Sweet Itch: Not so Sweet

Sweet Itch, Culicoides, horse itch, horse summer, bugs horse

By Melanie Huggett

Most of us know what the itch of an insect bite feels like. But what if it wouldn’t go away? And what if it covered your whole stomach or head instead of just one small spot?

For some horses, certain flies cause an incessant, unbearable itch that won’t go away no matter how hard or long they scratch. This condition, called Recurrent Seasonal Pruritis or “Sweet Itch,” is a hypersensitivity to the bite of the tiny Culicoides fly, commonly known as midges, “punkies,” or “no-see-ums.” With many names throughout the world — “Queensland Itch” in Australia, “Kasen” in Japan, “Sommer Ekzem” in Germany, as well as summer eczema and summer seasonal recurrent dermatitis in other English speaking countries — sweet itch is the most common skin allergy in horses.

The irritation occurs seasonally, from April to November, upon the appearance of the midge fly. Cases in young horses and foals are rare, though once the hypersensitivity begins, it tends to worsen with each successive year. There may also be a genetic factor, as certain breeds seem to be particularly susceptible to the condition; for example, sweet itch is estimated to occur in as much as 54 percent of all Icelandic Horses. It is also common in some draft and pony breeds.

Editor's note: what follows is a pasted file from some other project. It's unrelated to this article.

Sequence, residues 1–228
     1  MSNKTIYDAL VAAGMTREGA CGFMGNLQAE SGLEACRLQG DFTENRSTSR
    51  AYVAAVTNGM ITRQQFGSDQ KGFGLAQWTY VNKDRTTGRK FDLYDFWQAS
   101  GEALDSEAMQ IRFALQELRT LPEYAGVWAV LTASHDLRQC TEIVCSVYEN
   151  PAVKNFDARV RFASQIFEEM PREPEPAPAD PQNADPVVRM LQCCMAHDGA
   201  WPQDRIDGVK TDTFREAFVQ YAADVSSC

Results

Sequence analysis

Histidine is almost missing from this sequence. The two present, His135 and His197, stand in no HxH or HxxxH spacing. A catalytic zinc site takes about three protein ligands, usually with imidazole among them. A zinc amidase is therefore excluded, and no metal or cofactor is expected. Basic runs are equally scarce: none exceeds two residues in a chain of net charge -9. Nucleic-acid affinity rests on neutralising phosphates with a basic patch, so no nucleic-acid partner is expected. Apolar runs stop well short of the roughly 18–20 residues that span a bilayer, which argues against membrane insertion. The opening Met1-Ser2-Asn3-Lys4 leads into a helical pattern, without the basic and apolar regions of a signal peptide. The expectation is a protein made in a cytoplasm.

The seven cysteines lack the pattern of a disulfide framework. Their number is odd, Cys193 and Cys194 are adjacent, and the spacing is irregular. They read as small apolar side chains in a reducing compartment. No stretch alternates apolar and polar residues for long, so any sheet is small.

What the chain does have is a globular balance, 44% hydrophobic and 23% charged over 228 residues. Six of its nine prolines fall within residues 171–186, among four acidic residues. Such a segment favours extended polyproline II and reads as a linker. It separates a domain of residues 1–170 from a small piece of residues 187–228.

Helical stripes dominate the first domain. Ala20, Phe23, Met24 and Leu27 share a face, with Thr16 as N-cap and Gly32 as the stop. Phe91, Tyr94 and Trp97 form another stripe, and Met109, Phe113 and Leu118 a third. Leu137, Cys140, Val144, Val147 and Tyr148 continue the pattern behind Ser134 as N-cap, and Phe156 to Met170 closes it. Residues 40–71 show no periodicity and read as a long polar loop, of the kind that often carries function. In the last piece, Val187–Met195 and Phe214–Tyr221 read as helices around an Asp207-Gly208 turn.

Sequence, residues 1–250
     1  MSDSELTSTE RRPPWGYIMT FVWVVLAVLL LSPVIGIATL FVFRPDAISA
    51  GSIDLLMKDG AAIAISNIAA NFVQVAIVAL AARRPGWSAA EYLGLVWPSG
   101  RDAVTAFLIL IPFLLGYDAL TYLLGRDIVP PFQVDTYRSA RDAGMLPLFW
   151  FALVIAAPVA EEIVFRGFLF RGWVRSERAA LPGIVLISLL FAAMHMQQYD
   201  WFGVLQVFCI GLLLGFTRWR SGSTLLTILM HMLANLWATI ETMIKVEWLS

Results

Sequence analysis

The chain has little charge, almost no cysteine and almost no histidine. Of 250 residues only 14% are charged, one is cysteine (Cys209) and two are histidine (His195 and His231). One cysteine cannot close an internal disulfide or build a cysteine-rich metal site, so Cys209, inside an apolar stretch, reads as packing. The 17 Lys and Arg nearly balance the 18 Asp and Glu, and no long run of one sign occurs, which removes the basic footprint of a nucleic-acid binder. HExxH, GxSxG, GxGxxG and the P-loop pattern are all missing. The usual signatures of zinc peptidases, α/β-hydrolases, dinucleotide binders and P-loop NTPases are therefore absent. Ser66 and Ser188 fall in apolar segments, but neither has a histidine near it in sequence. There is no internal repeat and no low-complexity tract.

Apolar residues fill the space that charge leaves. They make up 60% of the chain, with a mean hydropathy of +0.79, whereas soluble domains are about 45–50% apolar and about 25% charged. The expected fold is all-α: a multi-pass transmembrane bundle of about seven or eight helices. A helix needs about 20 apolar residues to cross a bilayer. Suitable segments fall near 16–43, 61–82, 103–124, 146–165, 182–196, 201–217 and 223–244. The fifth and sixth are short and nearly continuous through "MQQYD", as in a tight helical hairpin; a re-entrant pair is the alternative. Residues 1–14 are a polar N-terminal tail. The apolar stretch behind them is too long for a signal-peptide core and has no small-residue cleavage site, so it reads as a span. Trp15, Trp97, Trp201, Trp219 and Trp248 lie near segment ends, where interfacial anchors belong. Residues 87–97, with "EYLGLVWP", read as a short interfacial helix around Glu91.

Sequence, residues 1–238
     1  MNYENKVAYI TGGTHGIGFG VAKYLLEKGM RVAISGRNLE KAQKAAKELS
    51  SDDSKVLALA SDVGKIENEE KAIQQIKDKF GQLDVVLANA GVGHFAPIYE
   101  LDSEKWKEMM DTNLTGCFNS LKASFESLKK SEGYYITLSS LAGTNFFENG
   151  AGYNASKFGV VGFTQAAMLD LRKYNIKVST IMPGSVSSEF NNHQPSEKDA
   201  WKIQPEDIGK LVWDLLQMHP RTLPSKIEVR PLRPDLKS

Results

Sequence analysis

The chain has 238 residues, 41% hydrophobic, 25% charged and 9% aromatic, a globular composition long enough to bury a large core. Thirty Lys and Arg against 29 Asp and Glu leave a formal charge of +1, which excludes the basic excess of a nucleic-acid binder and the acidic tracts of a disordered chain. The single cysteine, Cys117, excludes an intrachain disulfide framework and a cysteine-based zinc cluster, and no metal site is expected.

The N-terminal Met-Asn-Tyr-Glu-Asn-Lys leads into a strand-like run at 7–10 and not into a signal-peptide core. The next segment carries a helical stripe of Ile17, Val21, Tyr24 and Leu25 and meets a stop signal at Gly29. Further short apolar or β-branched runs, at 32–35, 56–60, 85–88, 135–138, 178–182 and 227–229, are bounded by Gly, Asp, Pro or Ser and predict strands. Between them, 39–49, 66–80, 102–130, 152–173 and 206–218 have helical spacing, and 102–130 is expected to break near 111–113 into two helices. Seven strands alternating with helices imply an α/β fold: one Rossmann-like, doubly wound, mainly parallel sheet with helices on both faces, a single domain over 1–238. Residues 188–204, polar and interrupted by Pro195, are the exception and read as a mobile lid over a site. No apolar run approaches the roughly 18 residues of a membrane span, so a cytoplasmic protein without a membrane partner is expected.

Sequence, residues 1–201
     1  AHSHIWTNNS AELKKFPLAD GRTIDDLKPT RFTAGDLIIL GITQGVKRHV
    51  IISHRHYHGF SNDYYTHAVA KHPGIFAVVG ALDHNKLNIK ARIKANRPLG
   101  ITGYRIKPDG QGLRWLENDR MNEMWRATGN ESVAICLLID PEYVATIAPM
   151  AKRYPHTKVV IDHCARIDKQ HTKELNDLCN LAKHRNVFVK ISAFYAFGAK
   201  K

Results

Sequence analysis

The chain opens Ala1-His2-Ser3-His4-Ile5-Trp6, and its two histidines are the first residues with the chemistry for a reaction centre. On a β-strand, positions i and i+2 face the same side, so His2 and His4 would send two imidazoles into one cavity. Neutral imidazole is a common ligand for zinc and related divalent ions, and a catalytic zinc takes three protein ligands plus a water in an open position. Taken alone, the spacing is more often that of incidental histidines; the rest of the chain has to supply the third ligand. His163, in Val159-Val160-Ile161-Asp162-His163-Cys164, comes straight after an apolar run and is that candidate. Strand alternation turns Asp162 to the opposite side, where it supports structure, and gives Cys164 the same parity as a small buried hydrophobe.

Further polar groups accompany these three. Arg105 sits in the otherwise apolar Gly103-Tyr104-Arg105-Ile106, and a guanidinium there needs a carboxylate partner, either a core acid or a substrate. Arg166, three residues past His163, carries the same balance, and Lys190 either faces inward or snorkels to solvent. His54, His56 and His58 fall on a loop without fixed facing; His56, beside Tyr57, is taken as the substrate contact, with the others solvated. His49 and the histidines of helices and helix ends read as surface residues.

Horses and ponies with sweet itch will scratch themselves frequently, often causing hair loss. Photo: Bentley Wood

Signs and Symptoms

Sweet itch symptoms include continuous, severe pruritis (itching), hair loss, blisters, scabs, and flaky dandruff. Weeping sores may also appear and can lead to secondary infection if not treated. Over a long period, skin thickening, ridges, and hair pigmentation loss may occur.

Horses will typically bite themselves and scratch on anything in reach. They may pace, seek excessive mutual grooming, roll frequently, or drag themselves along the ground in an attempt to relieve the itch. In fact, hair loss, lesions, and ridges are due to the horse scratching himself incessantly rather than the midge bites themselves.

Affected areas are typically along the mane and at the dock, or underneath the abdomen. In more severe cases the irritation can move down the back, onto the head and ears, into the sheath area, and onto the legs.

The species of midge in your area will cause either the mane/tail form or dorsal abdomen form to be more common. The severity of attacks will depend on midge numbers; mild winters and rainy summers will tend to increase midge numbers.